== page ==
Companies want to sell their products to as many customers as possible. The fastest way to do this is to target different price ranges with different versions of your product.
This is why Toyota makes Lexus cars, Nikon has SLR and point-and-shoot cameras, and why McDonalds has something called the Premium Crispy Chicken Club Sandwich.
It’s all so they can take money from the frugal as well as the rich.
People are fairly used to the idea that more money gets you more features. When you buy a Macbook Pro you understand that you’re getting a Macbook + “more stuff.”
We get that. It makes sense.
The software world does the same thing. Even if you’ve never used them before you can instantly undertand the difference between Final Cut Pro and Final Cut Express by their names alone. Here are some examples.
The basic idea here is the same as it is for hardware. When you buy DVD Studio Pro you can do everything iDVD does + more. And for the most part, that is how things work with all of these programs.
This is all a very long way of explaining what it is that I still don’t like about Aperture. (Oh good lord, he’s still on about that, is he?) I’ve recently been trying to move from iPhoto to Aperture, and at first I didn’t like it. Then I learned some more about it and I did start to like it. Finally, this week, I went back to not liking it.
This got me thinking about my likes and dislikes of the applications pictured above. I realized that I’m most frustrated when I find things that the basic programs do but their pro counterpart won’t. Once I buy the top level application, shouldn’t I be able to stay there? Why should I ever be tempted to fire up the smaller program for any reason whatsoever? But it happens.
I’m not alone, either. Just ask my wife (the Photoshop teacher) about Photoshop Element’s Selection Brush, Quick-Fix mode, or Batch Processes. She’d love to tell you all the reasons why Photoshop should have these hidden away as options somewhere. (And don’t bother explaining how to do these things with Photoshop’s tools. Of course it’s possible, the point is that these are unique ways of doing these things and you shouldn’t have to give these things up just because you moved up.)
On the other hand, I find that DVD Studio Pro goes above and beyond what’s expected. It features a ‘Basic’ mode which re-arranges its windows to be a bit more like iDVD’s setup.
I certainly don’t expect this level of accommodation from every program, but it’s a strong sign that the DVD Studio Pro programers feel the same way I do. It shows in the rest of the program, too. There’s nothing in iDVD that ever tempts me to return there from DVD Studio Pro. Quite simply, DVD Studio Pro gets it. And Photoshop, despite a few issues, does fairly well on this front as well. The Adobe programers seem to understand this idea, even if they’re not 100% perfect at it.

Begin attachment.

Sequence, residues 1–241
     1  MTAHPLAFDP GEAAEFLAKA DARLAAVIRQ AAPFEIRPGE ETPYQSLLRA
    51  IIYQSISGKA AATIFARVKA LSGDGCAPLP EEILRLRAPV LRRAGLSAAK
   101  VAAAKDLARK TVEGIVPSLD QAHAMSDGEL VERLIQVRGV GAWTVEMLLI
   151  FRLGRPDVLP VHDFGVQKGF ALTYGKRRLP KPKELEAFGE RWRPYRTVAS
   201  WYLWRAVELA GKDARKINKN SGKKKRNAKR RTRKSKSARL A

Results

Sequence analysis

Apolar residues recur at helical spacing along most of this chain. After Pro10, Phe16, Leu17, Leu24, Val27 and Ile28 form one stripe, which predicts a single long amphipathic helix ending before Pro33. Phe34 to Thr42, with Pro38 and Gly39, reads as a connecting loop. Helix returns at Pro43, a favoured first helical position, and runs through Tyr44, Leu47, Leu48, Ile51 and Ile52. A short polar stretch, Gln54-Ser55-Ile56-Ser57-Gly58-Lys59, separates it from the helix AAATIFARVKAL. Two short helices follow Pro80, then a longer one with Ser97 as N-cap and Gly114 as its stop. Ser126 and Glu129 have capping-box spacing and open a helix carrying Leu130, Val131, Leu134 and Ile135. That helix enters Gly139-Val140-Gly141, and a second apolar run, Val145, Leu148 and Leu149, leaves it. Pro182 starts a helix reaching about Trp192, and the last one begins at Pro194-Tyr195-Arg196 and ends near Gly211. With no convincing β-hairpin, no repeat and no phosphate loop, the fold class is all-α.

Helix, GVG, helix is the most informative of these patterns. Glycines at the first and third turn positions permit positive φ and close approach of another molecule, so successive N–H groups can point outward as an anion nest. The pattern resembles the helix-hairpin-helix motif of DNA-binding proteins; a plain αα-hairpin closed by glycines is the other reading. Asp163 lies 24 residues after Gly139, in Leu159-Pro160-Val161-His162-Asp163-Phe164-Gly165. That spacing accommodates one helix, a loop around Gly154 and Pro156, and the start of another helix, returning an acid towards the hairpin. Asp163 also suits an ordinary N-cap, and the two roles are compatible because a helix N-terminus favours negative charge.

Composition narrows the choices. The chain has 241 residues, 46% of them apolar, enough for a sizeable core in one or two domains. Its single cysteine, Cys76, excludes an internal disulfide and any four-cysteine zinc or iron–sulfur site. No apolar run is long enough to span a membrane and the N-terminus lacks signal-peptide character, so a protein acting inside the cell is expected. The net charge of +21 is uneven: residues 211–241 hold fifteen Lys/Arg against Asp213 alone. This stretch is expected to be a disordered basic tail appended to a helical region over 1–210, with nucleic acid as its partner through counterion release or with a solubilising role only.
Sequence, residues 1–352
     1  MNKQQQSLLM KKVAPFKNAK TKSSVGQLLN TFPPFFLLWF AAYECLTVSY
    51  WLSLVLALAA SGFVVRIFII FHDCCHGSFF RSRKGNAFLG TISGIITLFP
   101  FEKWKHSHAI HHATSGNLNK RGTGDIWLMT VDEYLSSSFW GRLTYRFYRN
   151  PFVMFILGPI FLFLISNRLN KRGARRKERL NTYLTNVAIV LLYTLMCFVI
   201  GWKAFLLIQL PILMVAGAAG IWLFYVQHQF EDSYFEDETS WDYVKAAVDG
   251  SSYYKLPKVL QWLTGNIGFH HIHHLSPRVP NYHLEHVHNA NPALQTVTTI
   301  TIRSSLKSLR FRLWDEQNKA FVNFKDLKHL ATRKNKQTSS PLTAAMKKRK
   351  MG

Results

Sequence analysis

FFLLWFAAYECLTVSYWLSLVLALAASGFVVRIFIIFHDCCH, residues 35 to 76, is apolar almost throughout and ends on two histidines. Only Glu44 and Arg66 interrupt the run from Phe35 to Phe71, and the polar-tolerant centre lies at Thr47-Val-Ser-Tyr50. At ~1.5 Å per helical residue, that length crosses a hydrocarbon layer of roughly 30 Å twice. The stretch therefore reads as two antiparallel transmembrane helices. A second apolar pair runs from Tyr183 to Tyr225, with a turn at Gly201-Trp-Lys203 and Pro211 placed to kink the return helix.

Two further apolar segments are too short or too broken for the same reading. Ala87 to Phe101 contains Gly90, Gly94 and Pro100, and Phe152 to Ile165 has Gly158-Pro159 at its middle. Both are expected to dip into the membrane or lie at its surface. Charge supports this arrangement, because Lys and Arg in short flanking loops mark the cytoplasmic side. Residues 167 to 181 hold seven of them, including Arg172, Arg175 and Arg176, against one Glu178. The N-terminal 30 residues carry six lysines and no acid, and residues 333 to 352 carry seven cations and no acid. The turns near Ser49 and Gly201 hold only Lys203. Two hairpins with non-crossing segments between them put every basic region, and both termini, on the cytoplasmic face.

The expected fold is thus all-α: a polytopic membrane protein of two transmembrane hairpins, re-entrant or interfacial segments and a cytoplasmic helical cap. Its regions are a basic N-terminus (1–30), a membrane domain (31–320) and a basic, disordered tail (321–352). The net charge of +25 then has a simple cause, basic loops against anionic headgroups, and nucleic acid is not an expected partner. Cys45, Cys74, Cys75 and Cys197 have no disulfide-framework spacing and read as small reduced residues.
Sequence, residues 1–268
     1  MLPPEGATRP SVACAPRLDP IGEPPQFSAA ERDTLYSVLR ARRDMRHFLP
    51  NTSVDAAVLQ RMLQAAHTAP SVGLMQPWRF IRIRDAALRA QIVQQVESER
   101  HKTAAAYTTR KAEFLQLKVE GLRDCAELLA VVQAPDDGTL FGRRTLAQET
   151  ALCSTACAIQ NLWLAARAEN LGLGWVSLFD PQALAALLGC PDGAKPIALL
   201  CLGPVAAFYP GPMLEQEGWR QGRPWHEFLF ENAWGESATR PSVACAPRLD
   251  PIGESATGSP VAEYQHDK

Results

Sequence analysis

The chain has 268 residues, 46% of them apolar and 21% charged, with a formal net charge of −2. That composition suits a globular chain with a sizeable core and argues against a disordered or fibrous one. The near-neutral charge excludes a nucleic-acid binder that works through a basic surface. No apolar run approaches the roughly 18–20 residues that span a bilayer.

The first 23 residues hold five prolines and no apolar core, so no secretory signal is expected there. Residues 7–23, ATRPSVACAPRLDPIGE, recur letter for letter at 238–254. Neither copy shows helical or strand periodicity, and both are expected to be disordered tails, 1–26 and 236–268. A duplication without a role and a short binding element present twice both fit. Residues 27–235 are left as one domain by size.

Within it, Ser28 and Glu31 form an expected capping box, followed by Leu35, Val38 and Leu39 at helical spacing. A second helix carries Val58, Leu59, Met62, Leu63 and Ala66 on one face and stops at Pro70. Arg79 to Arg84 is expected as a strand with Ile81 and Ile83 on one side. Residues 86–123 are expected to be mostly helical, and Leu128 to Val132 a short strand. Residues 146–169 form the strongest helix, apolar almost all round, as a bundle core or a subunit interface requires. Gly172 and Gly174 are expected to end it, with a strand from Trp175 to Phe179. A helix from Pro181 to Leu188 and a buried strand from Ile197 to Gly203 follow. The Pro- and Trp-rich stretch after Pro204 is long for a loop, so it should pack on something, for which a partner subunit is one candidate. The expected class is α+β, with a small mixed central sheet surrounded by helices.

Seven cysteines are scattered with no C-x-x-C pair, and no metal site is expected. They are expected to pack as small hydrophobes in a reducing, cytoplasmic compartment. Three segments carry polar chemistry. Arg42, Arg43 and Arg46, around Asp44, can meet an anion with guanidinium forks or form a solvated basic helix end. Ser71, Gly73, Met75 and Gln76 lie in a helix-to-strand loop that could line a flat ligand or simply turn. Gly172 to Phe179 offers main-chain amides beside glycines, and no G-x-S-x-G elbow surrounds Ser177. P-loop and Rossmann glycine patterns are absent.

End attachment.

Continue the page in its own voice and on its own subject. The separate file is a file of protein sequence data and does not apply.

The fact is, I was never able to fully say that Aperture is ‘better’ than iPhoto in every way. Better in a lot of ways? Yes, most certainly. But better in every way? Well, not quite. Not in the same way that some of these other programs are “better” than their counterparts.
So what’s missing? There are, of course, the obvious features. iPhoto’s location maps and face-recognition being the big two. The message-board consensus on the ‘net seems to be that people don’t even want these ‘consumer’ features in their professional program. They’re quite sure about this.
But what about Aperture’s ability to print books? That sure seemed like a ‘consumer’ feature when it was just in iPhoto. Now that the pros have it they’re happy to print portfolios with it or sell albums made from it. That was something that consumers used to print Disney World photo books back in the day and then the Pros found other uses for it. I’m convinced that ‘Faces’ and ‘Places’ features would similarly be put to use by hard-working photographers in ways that consumers don’t currently use them. Photographers tend to be pretty creative people, after all.
“But” you say. “But those features are new to iPhoto and Aperture hasn’t been updated yet!” First off, you’re always yelling, do you realize that? Secondly, I actually agree with this argument. Why shouldn’t I just suck it up and wait for Aperture 3.0 to come out?
If these were the only things then I really would just wait it out. But the problem is, it’s not just those 2 features. It’s all the little things too. For example, when iPhoto syncs with my iPhone it puts the photo in chronological order. That makes sense. Aperture, on the other hand, doesn’t really care what order they show up in.
It’s the same thing as the other ‘consumer’ features, I suspect. iPhone syncing is not a very ‘pro’ feature so Aperture just doesn’t worry about it all that much.
Here’s the point where you all point out how wrong I am and how I totally don’t understand Aperture at all and I can fix all of these problems in the settings. Please educate me if you’re able to. I love to learn. But for the time being I’ve switched back to iPhoto. It doesn’t have all the advanced editing features, but honestly I’m doing just fine with Photoshop for that stuff. If Aperture would commit to being “iPhoto + more” then I would be back in a heartbeat. But that doesn’t seem to be their plan.
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Outside of my own little problems I still find these larger concepts very interesting. If you make two versions of your software and the cheaper one contains features the ‘pro’ one doesn’t, why is that? I understand removing things from menus and tool bars if they won’t be widely used. UI bloat is the worst enemy of pro-level software. But why not hide these features away where they can be enabled if the user so desires? A Photoshop user should never envy an Elements user, after all.